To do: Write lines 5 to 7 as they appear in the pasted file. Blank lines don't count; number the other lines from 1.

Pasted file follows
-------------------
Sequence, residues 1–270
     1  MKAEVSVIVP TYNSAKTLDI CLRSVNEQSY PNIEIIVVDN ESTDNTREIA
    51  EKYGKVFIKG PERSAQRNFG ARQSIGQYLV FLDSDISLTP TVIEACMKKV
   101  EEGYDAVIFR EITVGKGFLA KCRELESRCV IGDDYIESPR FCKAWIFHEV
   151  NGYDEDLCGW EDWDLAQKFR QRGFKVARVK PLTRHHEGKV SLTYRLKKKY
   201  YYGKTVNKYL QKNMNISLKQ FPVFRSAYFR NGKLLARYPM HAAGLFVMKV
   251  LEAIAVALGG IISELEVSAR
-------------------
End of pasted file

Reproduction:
   151  NGYDEDLCGW EDWDLAQKFR QRGFKVARVK PLTRHHEGKV SLTYRLKKKY
   201  YYGKTVNKYL QKNMNISLKQ FPVFRSAYFR NGKLLARYPM HAAGLFVMKV
   251  LEAIAVALGG IISELEVSAR